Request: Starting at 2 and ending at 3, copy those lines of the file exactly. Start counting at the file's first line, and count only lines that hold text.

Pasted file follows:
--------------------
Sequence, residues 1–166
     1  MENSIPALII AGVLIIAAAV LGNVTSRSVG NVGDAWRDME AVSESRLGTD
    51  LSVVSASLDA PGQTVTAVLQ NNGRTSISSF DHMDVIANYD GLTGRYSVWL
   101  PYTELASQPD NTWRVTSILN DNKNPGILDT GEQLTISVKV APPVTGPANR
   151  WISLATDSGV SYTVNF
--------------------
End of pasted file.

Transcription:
     1  MENSIPALII AGVLIIAAAV LGNVTSRSVG NVGDAWRDME AVSESRLGTD
    51  LSVVSASLDA PGQTVTAVLQ NNGRTSISSF DHMDVIANYD GLTGRYSVWL